On July 20, 1982, members of the Provisional IRA detonated two bombs in London, killing 11 people and seven horses.

At 10:43 am, a nail bomb exploded in the boot of a car parked on South Carriage Drive in Hyde Park as soldiers of the Household Cavalry, Queen Elizabeth II's official bodyguard regiment, were passing during the Changing of the Guard.

Three soldiers of the Blues and Royals were killed immediately, and another died from his wounds three days later. Several other soldiers and a number of civilians were injured.

Additionally, seven of the regiment's horses were also killed or had to be euthanized because of their injuries.

Just over two hours later, at 12:55 pm, a bomb exploded underneath a bandstand in Regent's Park, also in London, where 30 military bandsmen of the Royal Green Jackets were performing to a crowd of 120 people.

Six of the bandsmen were killed at the scene and another died of his injuries on August 1. The rest of the band members, as well as eight civilians, were also injured.

At least 51 people were injured between the two bombings.

Claiming responsibility for the attacks, an IRA statement released in Dublin and Belfast said: "Now it is our turn to properly invoke Article 51 of the United Nations statute and properly quote all Thatcher's fine phrases on the right to self-determination of a people.

"The Irish people have sovereign and national rights which no task or occupational force can put down."

Prime Minister Margaret Thatcher said in the Hosue of Commons: "These callous and cowardly crimes have been committed by evil, brutal men who know nothing of democracy.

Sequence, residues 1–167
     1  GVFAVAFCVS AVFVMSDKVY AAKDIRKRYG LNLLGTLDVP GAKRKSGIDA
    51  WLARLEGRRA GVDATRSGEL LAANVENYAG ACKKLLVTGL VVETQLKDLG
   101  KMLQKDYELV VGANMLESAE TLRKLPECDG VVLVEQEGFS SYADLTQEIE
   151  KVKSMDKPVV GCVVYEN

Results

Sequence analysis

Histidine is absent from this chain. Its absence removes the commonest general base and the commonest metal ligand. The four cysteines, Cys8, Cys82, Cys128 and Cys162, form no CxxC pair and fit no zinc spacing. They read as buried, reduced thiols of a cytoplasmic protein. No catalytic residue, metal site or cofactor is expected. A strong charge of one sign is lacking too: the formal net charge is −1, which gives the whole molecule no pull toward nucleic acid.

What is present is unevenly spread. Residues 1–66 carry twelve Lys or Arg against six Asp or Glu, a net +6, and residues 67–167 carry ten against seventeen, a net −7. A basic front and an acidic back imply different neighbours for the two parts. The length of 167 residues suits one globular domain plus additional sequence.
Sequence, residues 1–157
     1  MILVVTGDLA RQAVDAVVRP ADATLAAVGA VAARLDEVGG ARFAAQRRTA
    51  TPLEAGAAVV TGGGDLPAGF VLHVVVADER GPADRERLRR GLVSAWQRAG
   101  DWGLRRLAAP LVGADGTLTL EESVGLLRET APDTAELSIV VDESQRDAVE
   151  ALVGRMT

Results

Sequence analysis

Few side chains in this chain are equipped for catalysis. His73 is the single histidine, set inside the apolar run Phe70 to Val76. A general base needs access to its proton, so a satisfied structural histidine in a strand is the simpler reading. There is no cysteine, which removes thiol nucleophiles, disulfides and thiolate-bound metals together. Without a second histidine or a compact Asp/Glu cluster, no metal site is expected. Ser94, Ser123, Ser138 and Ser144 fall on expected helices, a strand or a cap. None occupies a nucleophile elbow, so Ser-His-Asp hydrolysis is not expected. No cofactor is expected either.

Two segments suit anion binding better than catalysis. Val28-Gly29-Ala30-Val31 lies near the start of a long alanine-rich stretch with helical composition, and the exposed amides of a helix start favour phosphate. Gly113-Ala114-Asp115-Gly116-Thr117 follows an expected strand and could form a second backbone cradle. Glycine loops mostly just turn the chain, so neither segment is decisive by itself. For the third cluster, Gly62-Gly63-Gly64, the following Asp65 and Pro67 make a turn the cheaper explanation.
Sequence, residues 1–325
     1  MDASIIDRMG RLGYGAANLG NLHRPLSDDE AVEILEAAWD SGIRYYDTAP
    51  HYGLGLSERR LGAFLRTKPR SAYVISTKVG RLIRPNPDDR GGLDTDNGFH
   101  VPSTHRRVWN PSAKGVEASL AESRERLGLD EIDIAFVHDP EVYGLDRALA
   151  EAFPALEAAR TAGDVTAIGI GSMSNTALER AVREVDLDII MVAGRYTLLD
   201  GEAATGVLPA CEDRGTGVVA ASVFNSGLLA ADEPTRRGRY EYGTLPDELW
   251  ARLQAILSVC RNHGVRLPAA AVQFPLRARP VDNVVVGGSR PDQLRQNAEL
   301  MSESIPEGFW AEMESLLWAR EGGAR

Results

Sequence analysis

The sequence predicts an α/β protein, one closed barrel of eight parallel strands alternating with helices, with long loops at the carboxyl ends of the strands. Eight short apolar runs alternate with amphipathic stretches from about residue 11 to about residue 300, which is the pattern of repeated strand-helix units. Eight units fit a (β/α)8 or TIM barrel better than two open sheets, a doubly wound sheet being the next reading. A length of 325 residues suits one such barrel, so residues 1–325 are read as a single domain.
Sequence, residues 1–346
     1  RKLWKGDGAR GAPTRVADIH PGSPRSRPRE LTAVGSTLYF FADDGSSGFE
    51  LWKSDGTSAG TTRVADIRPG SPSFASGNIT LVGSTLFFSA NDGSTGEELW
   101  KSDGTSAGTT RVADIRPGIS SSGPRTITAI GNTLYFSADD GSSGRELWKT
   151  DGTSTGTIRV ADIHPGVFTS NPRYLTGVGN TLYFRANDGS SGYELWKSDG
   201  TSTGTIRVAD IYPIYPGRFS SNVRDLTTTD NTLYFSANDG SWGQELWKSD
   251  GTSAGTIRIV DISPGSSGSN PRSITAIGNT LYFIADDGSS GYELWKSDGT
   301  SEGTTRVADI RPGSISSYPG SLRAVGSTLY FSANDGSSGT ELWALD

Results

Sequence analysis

"We shall not rest until they are brought to justice."

In Ireland, the attacks were condemned by Taoiseach Charles Haughey who said: ''Those responsible for these inhuman crimes do irreparable damage to the good name of Ireland and the cause of Irish unity."

Reporting on the bombings the following day, the New York Times noted: "It was the most costly I.R.A. violence since the killing of Lord Mountbatten, 3 passengers on his boat and 18 soldiers in August 1979."

Queen Elizabeth II later said that the IRA bombing in Hyde Park was “the most ghastly” of her life.

Brigadier Andrew Parker-Bowles, the former guardsman and ex-husband of the Duchess of Cornwall, was leading the Queen’s Calvary that day and described the mount in Rober Hardman’s book, "Queen of the World."

He told Hardman: “One of the barriers opened and someone said, ‘They've blown up the Guard.’ So we ran down to where the smoke was rising.

“The first horse I saw was Sefton. He had a bloody great hole in him but he managed to pull through.”

Afterward, Parker Bowles had the opportunity to speak to the Queen.

“She said to me it was ‘The most ghastly day of my life.’”

The explosion killed Roy Bright, Dennis Daly, Simon Tipper, and Jeffrey Young. Other members of the Royal Household Cavalry were also injured.

The prime suspect in the bombing, John Downey, avoided prosecution due to an error made by British police, who sent a “letter of assurance” to Downey in 2007 stating he was not wanted for the attack despite there being an outstanding warrant against him.

*Originally published in July 2019. Updated in July 2023.